Swann, who had risen from a humble background to great wealth through his work in chemical engineering for industry, commissioned the magnificent house as testimony to his rise in status. During his extensive travels he collected notes, photographs and postcards of features he wanted to reproduce in his own house. In 1925 he began working with Warren, Knight and Davis to put his ideas to paper.

Ground was broken on July 20, 1927. Soon the excavations uncovered a human skeleton which was presumed to have belonged to a Native American. Swann retrieved the skull and had it fashioned into a cigar humidor.

Construction proceeded over the next two years with Swann and his wife visiting the site often. They documented the late Spring and early Summer of 1928 with a motion picture camera, capturing the placement of concrete by wheelbarrow, the endless work of stonemasons, and the erection of the pitched steel girders for the roof frame. The total cost of construction when the keys were turned over in 1929 exceeded $600,000.


The grand debut of the Swann Castle came in 1930 with opera soprano Grace Moore serenading guests from the landing of the grand stairway which descended into the Norman hall. Swann entertained the members of the 1931 University of Alabama football team after their 24-0 victory over Washington State in the Rose Bowl.


Swann's financial standing dropped precipitously during the Great Depression. He sold his company in 1935 and declared bankruptcy in 1944. The couple closed off the upper levels and, according to legend, Swann hunted the slopes below for rabbits to eat. Unable to keep up their payments, the bank foreclosed on the house and set the market value of the property at $150,000.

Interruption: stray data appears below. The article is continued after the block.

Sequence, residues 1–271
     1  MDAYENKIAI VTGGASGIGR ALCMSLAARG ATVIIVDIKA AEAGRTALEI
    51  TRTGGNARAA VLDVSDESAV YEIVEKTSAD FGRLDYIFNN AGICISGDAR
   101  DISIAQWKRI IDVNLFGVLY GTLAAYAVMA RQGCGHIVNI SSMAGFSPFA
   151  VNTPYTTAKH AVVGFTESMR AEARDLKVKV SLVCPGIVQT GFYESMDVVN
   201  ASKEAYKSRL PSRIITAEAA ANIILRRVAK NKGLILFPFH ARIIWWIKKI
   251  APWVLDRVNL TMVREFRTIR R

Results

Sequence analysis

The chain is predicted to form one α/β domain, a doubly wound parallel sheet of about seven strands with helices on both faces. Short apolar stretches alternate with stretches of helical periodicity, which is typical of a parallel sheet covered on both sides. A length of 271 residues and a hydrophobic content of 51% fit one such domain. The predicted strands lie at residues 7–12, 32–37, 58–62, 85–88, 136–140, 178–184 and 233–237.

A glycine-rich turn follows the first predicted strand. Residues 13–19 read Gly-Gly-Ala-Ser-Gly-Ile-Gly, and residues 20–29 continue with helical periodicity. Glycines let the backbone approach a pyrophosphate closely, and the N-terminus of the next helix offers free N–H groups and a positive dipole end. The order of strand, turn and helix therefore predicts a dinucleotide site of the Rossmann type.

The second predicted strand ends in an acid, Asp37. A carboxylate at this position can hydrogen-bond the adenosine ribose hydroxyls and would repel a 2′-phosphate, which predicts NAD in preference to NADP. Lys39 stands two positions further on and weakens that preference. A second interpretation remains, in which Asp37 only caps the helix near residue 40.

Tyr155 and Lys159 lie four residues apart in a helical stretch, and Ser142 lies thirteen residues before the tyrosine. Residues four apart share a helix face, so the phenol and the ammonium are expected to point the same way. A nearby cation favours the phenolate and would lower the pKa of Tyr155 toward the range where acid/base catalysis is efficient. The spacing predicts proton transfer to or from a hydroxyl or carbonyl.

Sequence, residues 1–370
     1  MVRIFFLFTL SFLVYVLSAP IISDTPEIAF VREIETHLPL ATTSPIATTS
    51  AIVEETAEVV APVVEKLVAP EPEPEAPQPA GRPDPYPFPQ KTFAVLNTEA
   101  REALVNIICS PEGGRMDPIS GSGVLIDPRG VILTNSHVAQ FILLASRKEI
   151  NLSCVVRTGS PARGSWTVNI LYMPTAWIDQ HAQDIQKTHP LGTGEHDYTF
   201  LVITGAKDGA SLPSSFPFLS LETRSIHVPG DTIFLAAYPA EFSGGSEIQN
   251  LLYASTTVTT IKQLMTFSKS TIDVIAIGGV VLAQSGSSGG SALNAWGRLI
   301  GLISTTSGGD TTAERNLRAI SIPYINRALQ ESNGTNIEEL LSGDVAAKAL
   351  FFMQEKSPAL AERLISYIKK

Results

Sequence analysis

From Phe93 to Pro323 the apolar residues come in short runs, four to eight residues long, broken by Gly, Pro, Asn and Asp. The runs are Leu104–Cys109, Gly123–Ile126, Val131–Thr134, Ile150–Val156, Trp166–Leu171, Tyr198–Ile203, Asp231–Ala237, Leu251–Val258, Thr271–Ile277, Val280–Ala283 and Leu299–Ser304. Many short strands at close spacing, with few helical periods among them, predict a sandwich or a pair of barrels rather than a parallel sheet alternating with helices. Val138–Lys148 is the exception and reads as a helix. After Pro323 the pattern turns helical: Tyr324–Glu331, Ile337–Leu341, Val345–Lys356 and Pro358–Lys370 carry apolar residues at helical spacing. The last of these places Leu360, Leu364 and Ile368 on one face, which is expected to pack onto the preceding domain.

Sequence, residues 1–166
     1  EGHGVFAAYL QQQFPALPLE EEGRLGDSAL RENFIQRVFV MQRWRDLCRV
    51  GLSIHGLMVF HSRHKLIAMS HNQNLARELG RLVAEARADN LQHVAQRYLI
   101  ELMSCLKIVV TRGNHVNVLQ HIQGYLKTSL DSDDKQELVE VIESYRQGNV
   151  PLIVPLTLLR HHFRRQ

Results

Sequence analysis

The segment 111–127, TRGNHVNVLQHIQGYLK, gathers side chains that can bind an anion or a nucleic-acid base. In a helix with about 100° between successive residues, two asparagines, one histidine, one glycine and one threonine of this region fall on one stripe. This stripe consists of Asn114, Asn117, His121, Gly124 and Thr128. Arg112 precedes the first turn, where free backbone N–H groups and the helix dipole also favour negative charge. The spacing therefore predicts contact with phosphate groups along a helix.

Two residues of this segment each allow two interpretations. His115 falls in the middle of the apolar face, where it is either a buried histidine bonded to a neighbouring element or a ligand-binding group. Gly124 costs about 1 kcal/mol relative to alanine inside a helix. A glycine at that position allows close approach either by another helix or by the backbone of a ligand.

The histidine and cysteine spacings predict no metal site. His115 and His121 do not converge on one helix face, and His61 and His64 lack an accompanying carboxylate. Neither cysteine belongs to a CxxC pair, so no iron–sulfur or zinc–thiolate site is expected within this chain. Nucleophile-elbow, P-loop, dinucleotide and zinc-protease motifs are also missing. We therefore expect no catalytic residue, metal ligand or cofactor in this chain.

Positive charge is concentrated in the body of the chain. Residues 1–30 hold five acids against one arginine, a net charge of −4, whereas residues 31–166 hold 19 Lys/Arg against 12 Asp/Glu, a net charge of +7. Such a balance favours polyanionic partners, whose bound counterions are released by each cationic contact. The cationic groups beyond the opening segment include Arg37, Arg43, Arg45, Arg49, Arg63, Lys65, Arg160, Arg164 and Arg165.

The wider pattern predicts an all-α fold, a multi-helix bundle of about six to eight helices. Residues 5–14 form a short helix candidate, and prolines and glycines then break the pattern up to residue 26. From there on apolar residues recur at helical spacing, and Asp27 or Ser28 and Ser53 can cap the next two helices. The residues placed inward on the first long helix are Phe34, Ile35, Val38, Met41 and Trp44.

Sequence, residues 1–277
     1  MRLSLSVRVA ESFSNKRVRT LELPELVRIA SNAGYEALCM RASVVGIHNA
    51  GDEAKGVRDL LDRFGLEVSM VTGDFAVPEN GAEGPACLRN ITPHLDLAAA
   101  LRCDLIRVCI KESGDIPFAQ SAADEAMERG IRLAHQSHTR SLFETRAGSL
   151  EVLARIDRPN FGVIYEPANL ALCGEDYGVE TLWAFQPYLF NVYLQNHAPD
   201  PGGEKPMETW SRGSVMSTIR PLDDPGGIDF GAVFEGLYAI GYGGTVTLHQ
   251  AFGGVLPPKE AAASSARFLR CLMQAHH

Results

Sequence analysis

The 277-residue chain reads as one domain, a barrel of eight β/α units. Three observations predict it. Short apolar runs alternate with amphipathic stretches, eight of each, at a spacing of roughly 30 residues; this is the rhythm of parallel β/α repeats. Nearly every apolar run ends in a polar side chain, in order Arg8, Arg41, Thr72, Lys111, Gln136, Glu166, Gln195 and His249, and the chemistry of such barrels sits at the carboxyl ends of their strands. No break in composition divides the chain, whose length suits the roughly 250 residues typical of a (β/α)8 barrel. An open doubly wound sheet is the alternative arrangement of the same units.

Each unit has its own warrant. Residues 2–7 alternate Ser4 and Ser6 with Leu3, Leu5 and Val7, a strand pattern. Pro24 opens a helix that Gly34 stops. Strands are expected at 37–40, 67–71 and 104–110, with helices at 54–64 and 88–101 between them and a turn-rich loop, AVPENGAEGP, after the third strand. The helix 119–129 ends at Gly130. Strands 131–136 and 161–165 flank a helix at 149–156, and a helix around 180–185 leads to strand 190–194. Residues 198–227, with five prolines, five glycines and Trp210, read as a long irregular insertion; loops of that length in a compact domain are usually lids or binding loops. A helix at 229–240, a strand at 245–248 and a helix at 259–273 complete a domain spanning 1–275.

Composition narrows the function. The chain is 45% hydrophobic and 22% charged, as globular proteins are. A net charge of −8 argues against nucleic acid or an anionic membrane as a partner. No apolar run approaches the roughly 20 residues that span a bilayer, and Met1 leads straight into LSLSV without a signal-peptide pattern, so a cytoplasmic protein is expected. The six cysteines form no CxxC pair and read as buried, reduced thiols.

Theatre mogul and developer Newman Waters Sr purchased the mansion after foreclosure for $57,500, but remained for only a few years. Joseph and Carrie Lea Franklin purchased it in the 1950s and sold it to Joseph W. Simpson in the late 1960s. Joseph's wife, Virginia was found murdered at the house on August 31, 1977. Nothing was reported stolen and the murder remains unsolved. Mr Simpson died soon after and the house was left vacant.

Some years later the property was acquired by Prenitce and Josie Knapp. It was later owned by Anthony Fant before the Colemans purchased it in 2003.


After interviewing several firms, the Colemans selected Jack Pyburn Architects of Atlanta to oversee a large-scale restoration of the house's exterior. The restoration focused on stemming failures in the roof and terrace drainage. The slate roof was replaced in its entirety with the huge chimney-pots carefully repaired in situ. The exterior stonework was repointed while flashings and trim were replaced where necessary. The window sashes were sent to New Jersey for re-leading and the terrace pavers were taken up to allow for new waterproofing membranes to be installed before they were meticulously relaid.

Brice Building Company served as general contractor with Masonry Arts and El Dorado Metals of Arkansas working on the stone and gutters, respectively.


  • Satterfield, Carolyn Green (1976) Historic Sites of Jefferson County, Alabama. Birmingham: Jefferson County Historical Commission/Gray Printing Company
  • Griffith, Edward and Carolyn Green Satterfield (1999) The Triumphs and Troubles of Theodore Swann. Montgomery: Black Belt Press. ISBN 1880216574
  • Schnorrenberg, John M. "The Theodore Swann House, Birmingham, Alabama: Learning and Fantasy in 1926" Birmingham: University of Alabama at Birmingham
  • Harmon, Ricky, producer "How Rare a Possession" Alabama Experience television program. University of Alabama Center for Public Television & Radio.
  • Beaird, Ann (Summer 2007) "Restoring Chaucer Hall." Alabama Heritage. No. 85, pp. 17-23
  • Beaird, Ann (Summer 2007) "On Haunted Ground: The Curse of The Swann House." Alabama Heritage. No. 85, pp. 24-5
  • Adams, Cathy C. (April 2009) "Architecturally Exact: With the help of a talented crew of artisans, a Birmingham couple lovingly restores a masterpiece on the mountain" Portico

External links